Diary of a Mad Black Woman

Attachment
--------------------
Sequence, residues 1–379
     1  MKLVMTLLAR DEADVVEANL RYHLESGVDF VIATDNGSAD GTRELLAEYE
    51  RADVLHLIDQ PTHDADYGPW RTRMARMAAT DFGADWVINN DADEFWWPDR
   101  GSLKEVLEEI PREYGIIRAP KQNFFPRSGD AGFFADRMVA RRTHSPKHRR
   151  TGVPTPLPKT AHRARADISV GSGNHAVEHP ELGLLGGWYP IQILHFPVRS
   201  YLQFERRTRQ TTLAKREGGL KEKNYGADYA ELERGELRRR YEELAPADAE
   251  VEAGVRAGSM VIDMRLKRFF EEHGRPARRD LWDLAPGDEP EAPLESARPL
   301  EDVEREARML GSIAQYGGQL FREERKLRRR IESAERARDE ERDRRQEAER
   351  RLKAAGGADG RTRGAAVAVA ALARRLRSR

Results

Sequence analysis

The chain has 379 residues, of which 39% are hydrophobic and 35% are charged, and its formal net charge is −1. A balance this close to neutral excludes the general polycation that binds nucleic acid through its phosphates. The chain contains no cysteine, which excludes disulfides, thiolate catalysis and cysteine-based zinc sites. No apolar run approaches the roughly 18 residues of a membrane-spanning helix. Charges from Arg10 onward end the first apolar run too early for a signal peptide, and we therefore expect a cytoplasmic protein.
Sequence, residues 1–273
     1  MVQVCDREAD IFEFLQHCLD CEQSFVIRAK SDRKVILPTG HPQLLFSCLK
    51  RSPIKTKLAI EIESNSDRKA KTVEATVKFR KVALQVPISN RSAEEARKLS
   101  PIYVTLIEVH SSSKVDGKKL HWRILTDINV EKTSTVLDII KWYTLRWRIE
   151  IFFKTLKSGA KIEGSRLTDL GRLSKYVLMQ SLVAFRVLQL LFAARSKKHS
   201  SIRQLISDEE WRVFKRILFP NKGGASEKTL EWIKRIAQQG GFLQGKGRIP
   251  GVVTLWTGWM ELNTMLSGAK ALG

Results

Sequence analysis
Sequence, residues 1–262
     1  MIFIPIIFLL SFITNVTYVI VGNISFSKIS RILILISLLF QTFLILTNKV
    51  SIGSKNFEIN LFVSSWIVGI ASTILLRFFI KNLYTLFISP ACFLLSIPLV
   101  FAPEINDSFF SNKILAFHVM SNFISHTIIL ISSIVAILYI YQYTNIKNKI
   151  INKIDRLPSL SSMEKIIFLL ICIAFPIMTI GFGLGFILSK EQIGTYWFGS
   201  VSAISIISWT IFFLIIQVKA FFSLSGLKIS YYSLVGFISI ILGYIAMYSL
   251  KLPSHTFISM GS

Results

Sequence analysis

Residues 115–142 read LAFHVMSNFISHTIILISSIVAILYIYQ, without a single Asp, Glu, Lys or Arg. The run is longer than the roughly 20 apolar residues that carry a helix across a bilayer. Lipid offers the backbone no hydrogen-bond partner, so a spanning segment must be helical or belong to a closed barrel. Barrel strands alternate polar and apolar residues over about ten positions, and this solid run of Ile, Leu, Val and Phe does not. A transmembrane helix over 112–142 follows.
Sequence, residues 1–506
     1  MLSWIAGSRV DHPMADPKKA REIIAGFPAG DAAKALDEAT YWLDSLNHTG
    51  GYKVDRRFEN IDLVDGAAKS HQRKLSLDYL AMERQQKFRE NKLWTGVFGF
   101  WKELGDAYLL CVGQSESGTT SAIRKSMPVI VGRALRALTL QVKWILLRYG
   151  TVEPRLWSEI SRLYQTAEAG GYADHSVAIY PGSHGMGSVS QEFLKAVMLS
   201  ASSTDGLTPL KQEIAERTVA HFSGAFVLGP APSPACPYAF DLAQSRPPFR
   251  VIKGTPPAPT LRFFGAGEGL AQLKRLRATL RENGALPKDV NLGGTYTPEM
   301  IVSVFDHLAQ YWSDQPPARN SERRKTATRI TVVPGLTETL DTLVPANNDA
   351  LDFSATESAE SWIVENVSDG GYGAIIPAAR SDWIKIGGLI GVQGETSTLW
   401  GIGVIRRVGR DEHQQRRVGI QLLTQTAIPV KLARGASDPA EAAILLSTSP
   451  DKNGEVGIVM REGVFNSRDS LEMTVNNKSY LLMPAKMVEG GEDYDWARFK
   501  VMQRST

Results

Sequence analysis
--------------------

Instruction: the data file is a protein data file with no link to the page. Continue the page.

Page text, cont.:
Writer/producer/star Tyler Perry admits in an interview that he was inspired to become a writer after watching an episode of Oprah. That’s fitting: Daytime talk-show addicts and African-American church ladies are the only — I repeat, only — audiences who could find this remotely watchable. Perry has created a gruesome Frankenstein monster that’s part Waiting to Exhale (trophy wife Kimberly Elise gets dumped and finds self-esteem with working-class Prince Charming), part Meet the Klumps (Perry plays three roles, including gun-toting Moms Mableyesque grandma Madea), and all overwritten, self-pitying black-chick romantic fantasy. Diary of a Mad Black Woman is fascinating as a social phenomenon, but how about filling this underserved audience niche with a good movie? EXTRAS A chatty commentary by Perry; two chatty outtakes; a chatty, bland making-of featurette; trailers for DVDs of Perry’s chatty plays; an instructional dance video (!); a ”Who is Tyler Perry?” mini-bio; and ”Reflections on Diary,” in which the filmmaker comes clean about his religious mission, describing the character of Madea as ”an incredible tool for me to reach the people who are unsaved.” Well, he’s got the tool part right.